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Warham, William

William Warham (wôr´əm), 1450?–1532, English churchman, archbishop of Canterbury. He studied at Oxford and became widely known in England for his legal ability, went often on diplomatic missions, and was made (1502) bishop of London. He was a generous supporter of humanist learning and a patron of Erasmus. In 1504, Warham was made lord chancellor by Henry VII and archbishop of Canterbury by the pope. In the early years of Henry VIII's reign his influence was paramount, but before many years Thomas Wolsey, archbishop of York, began to displace him. In 1515, Wolsey was created cardinal and Warham willingly resigned the chancellorship to him. Thereafter, Warham was second in the church in England. In the matter of Henry VIII's divorce, in which Warham was involved from 1527, his actions were subservient to the king's will, and in 1530 he was a signer of the petition to the pope for the divorce. Eventually, in 1532, after Warham had allowed a gradual encroachment by the king on ecclesiastical rights, he reversed himself and formally protested just before his death all acts derogatory to the papal authority.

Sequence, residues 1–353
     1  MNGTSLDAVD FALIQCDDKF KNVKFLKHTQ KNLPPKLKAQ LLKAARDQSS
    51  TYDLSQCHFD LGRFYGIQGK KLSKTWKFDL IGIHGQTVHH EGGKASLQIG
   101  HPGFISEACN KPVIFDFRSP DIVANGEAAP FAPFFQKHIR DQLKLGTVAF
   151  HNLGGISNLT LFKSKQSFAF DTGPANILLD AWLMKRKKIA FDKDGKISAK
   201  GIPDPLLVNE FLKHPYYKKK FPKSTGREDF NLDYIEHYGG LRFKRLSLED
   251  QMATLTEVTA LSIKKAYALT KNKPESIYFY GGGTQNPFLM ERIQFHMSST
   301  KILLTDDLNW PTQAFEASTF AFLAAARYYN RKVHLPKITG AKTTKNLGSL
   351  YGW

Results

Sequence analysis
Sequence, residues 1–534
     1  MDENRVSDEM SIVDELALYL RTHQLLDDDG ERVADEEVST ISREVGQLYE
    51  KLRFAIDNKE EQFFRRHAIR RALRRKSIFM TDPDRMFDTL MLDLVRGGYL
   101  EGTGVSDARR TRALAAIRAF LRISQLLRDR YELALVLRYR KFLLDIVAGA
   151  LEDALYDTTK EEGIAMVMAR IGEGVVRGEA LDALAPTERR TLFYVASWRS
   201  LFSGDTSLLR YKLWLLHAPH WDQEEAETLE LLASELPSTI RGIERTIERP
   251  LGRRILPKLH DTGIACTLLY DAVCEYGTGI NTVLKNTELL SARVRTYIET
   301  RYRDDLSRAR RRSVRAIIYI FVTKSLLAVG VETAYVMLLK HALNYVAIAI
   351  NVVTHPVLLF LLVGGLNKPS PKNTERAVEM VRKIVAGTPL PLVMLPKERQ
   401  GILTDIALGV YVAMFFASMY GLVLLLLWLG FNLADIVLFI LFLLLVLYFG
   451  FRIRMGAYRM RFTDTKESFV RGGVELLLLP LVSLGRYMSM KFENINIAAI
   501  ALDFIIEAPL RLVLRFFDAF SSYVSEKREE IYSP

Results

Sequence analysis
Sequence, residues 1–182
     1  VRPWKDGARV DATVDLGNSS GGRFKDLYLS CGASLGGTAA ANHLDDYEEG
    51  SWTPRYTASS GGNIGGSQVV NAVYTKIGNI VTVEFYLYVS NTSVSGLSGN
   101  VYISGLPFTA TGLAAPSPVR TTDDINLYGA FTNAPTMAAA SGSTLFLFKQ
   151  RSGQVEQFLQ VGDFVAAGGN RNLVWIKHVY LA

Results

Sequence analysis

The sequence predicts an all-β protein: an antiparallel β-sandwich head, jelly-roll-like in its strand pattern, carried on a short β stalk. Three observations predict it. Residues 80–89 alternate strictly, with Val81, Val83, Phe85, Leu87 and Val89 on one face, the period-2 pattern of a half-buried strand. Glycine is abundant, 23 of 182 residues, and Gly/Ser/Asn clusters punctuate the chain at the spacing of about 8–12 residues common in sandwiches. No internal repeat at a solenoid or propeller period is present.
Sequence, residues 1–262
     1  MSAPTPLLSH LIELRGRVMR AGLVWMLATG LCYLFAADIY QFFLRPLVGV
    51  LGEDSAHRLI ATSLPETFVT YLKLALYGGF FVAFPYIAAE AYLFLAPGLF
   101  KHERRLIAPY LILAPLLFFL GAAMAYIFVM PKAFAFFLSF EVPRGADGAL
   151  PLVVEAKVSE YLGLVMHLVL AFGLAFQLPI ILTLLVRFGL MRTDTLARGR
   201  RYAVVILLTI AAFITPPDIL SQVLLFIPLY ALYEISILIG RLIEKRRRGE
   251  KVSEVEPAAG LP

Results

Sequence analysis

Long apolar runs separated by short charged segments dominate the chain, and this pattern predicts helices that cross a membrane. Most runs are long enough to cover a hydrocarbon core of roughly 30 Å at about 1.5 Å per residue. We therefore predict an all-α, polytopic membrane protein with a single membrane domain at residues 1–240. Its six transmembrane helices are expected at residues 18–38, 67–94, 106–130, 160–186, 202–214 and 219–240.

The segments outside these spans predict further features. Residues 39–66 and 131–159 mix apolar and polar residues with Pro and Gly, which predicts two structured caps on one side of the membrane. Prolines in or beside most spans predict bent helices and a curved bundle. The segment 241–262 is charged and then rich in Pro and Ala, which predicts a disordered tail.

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Warham, William

Warham, William (c.1450–1532). Archbishop of Canterbury. Born in Hampshire and educated in law at New College, Oxford, Warham frequently served as a diplomat (1491–1502) and negotiated Prince Arthur's marriage to Catherine of Aragon (1496). He was successively master of the rolls (1494), bishop of London (1502), archbishop (1504), and lord chancellor (1504–15). A patron of the New Learning, he was chancellor of Oxford University (1506). From 1515 Wolsey, as cardinal, lord chancellor, and papal legate, constantly overshadowed Warham. Though originally disapproving of Henry and Catherine's marriage, he had crowned them, but was Wolsey's assessor in the secret inquiry of 1527. Under pressure he signed the petition requesting papal consent for a divorce. Though he led convocation's offer to buy off penalties of Praemunire (1531), conscience provoked him to protest formally (1532) against the anti-papal Acts passed since 1529. Described as ‘morose and inflexible’, he was nevertheless competent and conscientious.

Revd Dr William M. Marshall

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